Improving Outcomes, Mythbusting

$6,000, 80% cellulitis cure rate.

Dalbavancin has submitted FDA approval to join Oritavancin as a single dose antibiotic for skin and soft tissue infections, so lets take a look at this $6,000 / dose drug – that is only reimbursed as an outpatient (ie, if the patient is admitted, you can not give the drug, you’re out $6,000).

Dalbavancin 1.5 grams as a single IV dose was compared to 1 gram followed by 500mg seven days later. This was carried out at 60 centers (double blind, but pharmacist unblinded – 1:1 in blocks of 4) from April 2014-March 2015 across US, Europe, Russia, and South Africa. Patients were required to have at least 75 cm^2 of erythema, and included not just plain ol’ cellulitis (48% of patients), but also “major abscess” (abscess that required an I&D with 5cm erythema in all directions beyond central induration – 25% of patients) and traumatic wounds/surgical site infections (defined as >5cm of erythema from wound margins – 27% of patients). Patients were also required to have one of the following: wbc >12 (37% of patients), >10% immature neutrophils (15%), or temp >38C within the last 24 hrs (82%), and to have been antibiotic naive except for a one time dose of a short acting antibiotic. Those with catheter infections, infected devices, diabetic foot ulcerations, decubitus ulcers, or perirectal abscesses were excluded. 11.5% of patients were diabetics, 30% were IV drug users, and 16% had HepC.

Primary endpoint was >20% reduction in erythema at 48-72 hours, with resolution or improvement of signs/symptoms was performed at day 14 and 28.

Here’s the rub: In addition to being antibiotic naive, empirically, Flagyl was allowed for suspected anaerobes as well as aztreonam (or for gram-negative pathogens identified post-culture). Aztreonam was given 3.4% of the time for the single dose regimen, and 6.6% of the time for the two dose regimen. Flagyl was used 6.6% and 4.3% of patients through day 14 for the single and 2 dose regimens, respectively. So, about 10% of patients received additional antibiotics. They had initially only planned to sample 410 patients, only to find on interim analysis they needed to boost their sample size to attempt to reach “the assumption of a 90% response rate.” – which they still did not reach.  Plus, I have to wonder how they were able to figure out if a patient actually had a temp within the last 24 hours or if “they felt warm yesterday.”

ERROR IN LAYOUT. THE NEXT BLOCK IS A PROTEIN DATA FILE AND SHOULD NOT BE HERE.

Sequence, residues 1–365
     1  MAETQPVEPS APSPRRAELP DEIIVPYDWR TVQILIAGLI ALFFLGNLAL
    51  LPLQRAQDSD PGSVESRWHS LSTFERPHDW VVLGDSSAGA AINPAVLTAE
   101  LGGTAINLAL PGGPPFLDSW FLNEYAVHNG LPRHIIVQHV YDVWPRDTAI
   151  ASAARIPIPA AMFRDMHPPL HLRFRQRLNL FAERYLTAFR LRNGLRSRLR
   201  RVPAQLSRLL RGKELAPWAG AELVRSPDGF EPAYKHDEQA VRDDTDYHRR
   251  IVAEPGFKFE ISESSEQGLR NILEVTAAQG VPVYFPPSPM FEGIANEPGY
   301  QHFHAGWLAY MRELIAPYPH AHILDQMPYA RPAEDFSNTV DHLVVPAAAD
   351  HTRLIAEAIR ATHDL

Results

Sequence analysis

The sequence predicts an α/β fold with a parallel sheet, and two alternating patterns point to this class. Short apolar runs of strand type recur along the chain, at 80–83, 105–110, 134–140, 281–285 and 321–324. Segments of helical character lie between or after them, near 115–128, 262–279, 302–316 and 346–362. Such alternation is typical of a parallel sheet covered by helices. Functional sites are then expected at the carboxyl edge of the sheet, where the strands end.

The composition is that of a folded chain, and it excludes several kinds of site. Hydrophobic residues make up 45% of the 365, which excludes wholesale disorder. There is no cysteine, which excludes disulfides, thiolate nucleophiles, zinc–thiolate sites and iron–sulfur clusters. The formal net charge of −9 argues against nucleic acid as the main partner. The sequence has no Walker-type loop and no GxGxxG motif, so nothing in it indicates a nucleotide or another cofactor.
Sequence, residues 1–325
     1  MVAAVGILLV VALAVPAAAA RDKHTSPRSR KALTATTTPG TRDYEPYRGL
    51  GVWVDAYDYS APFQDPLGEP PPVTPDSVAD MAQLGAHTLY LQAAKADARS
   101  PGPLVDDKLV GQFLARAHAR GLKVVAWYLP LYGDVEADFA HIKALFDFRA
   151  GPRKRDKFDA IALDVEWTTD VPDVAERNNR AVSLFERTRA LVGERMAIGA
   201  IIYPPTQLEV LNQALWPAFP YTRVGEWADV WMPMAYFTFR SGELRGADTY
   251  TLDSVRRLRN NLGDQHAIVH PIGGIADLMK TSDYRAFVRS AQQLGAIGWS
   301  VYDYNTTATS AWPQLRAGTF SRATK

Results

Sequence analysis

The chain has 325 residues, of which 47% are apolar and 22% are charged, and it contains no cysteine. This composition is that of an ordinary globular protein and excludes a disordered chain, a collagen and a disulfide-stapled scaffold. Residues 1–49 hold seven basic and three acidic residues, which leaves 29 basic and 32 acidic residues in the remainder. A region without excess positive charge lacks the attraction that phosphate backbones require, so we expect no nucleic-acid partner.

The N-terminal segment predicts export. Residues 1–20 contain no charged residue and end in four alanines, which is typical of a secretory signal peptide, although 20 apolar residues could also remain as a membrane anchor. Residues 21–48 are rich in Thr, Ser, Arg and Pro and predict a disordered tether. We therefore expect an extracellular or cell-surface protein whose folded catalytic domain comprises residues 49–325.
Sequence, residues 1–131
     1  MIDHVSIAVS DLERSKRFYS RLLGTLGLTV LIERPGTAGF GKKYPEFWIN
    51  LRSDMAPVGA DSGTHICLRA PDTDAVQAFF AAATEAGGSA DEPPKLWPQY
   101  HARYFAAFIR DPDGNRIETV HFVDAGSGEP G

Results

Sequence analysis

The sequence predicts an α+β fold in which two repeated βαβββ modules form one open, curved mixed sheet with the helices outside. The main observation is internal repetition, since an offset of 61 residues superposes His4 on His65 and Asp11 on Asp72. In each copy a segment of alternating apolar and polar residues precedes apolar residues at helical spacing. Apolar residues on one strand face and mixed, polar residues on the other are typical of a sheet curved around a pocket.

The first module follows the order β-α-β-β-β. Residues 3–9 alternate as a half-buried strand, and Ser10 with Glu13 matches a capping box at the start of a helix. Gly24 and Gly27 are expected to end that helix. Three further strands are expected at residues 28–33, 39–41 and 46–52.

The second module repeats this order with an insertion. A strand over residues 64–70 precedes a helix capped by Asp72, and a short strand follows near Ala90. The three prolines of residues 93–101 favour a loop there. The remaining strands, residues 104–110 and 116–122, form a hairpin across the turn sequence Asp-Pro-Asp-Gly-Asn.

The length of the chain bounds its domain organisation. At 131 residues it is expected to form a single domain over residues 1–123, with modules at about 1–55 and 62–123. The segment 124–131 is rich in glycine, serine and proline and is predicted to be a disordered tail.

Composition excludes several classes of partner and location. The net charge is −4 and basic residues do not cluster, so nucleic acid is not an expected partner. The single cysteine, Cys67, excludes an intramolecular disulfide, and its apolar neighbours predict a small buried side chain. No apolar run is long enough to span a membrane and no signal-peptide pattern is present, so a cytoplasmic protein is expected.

Clinical response at 48-72 hours was 81.4% vs 84.2% for the one time and 2 dose regimen respectively. Response rates for IV drug users for the same time frame was 89.5% and 86%.

More rub: 45.6% of patients were hospitalized – with the median duration being 8 days, even though the outcome rates (at 48-72hrs) were similar (83.3% vs 82.4%) vs those treated as an outpatient (82.1% vs 82.7%).

More more rub: no organism had an MIC to vancomycin >2 ug / ml.

Plus side: for those with Staph Aureus bacteremia, all 7 patients in the two dose regimen and 7/8 patients in the single dose cleared their bacteremia on repeat cultures. ADRs were minimal, with only nausea reported >2% of the time

I think there are certain instances for this drug to be used– for the patient that has used 1 or 2 other antibiotics and wants to avoid an admission, or the patient that can not fill their antibiotic script – but dalbavancin just simply is not tested in this type of patient. An 80-90% clinical cure rate is simply not acceptable for such an expensive medication, particularly when local antibiograms may yield cheaper alternatives, and when less expensive alternatives such clindamycin or bactrim have shown ~80-90% clinical cure rates for skin and soft tissue infections

Standard

2 thoughts on “$6,000, 80% cellulitis cure rate.

  1. Clint says:

    It seems to me that we should invent an “antibiotic vault” and only let ID folks have the keys. You know… for when doomsday comes. This might be a good drug for it.

  2. Funny you say that. Mark Crislip is an ID doc at edgydoc.com and he (half jokingly) lobbies for an ID consult every time an antibiotic gets written. One has to wonder… Check out his bimonthly “pus cast”- great stuff!

    I completely agree about socking this one away (along with zyvox)… I could maybe see utility in obscure cases, but with the Pfizer/allergan teams involved, I see significant indication creep.

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